- Phenobarbital is a medication that is used to control and prevent seizures.
- Pets requiring a phenobarbital level test need to have a blood sample drawn at the hospital.
- The test measures the level of phenobarbital in the blood to determine if the dose is within the correct range to prevent seizures without causing harmful side effects.
- Long-term phenobarbital use can result in liver damage.
- In pets with phenobarbital toxicosis, the medication should be discontinued.
What Is a Phenobarbital Level Test?
Animals that have seizures are often given phenobarbital to help control and prevent seizure activity. Many animals, especially those with epilepsy, require lifelong therapy with phenobarbital. Because animals can absorb and metabolize this medication differently, it’s important to monitor blood levels on a regular basis.
To check the phenobarbital level, your veterinarian will draw a blood sample from your pet. This can be done on an outpatient basis. The blood sample is usually sent to an outside laboratory for analysis, and the results are typically available within a few days.
When Do Pets Need This Test?
Once phenobarbital therapy is initiated, it usually takes a few weeks for the medication to build up to a therapeutic level in the blood. Most veterinarians recommend that a phenobarbital level test be performed 2 to 4 weeks after the pet begins receiving the medication. Additional phenobarbital level tests may be required:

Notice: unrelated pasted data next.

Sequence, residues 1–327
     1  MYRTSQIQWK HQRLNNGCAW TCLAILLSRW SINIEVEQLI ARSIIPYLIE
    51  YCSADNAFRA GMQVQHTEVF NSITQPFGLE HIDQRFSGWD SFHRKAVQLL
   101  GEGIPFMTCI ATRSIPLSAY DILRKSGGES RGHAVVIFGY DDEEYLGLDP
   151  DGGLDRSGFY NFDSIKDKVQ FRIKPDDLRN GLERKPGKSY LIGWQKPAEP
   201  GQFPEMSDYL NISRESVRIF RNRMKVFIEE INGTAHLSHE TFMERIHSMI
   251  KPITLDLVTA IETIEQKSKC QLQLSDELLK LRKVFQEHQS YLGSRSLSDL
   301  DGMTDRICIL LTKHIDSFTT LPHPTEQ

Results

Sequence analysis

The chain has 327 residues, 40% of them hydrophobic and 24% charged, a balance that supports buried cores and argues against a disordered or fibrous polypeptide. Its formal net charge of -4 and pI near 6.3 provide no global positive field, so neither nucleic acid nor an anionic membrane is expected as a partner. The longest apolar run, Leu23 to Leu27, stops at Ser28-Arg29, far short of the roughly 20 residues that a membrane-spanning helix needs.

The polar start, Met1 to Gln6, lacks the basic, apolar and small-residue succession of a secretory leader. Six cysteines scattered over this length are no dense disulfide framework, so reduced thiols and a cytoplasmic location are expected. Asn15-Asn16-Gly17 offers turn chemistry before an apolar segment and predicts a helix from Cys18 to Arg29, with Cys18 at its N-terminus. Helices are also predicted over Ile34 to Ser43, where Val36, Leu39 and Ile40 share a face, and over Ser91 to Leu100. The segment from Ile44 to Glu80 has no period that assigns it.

- Every 6 months if seizures are controlled
- More often, if breakthrough seizures occur
- Two to 4 weeks after any dose change
- If signs of phenobarbital toxicosis occur
What Are the Signs of Phenobarbital Toxicosis?
When pets first begin receiving phenobarbital, they may experience side effects such as drowsiness, anxiety, increased drinking and urination, increased appetite, and lack of coordination. These signs usually subside within 2 to 4 weeks. If these signs do not resolve or if the signs are severe, a phenobarbital level test should be performed.
While phenobarbital can be extremely helpful in controlling seizures, this medication can be harmful to the liver. If your pet has been prescribed phenobarbital, your veterinarian will recommend regular blood tests to monitor liver function.
However, pet owners should be on alert for signs of liver toxicosis, such as vomiting, diarrhea, loss of appetite, and a yellow tint to the skin, eyes, or gums. If you notice any of these signs in your pet, contact your veterinarian immediately.
How Is Phenobarbital Toxicosis Treated?
If a pet experiences signs of toxicosis, phenobarbital should be discontinued and replaced with another anti-seizure medication. Depending on the severity of the signs, the pet may need to be hospitalized for fluid therapy and other supportive treatments.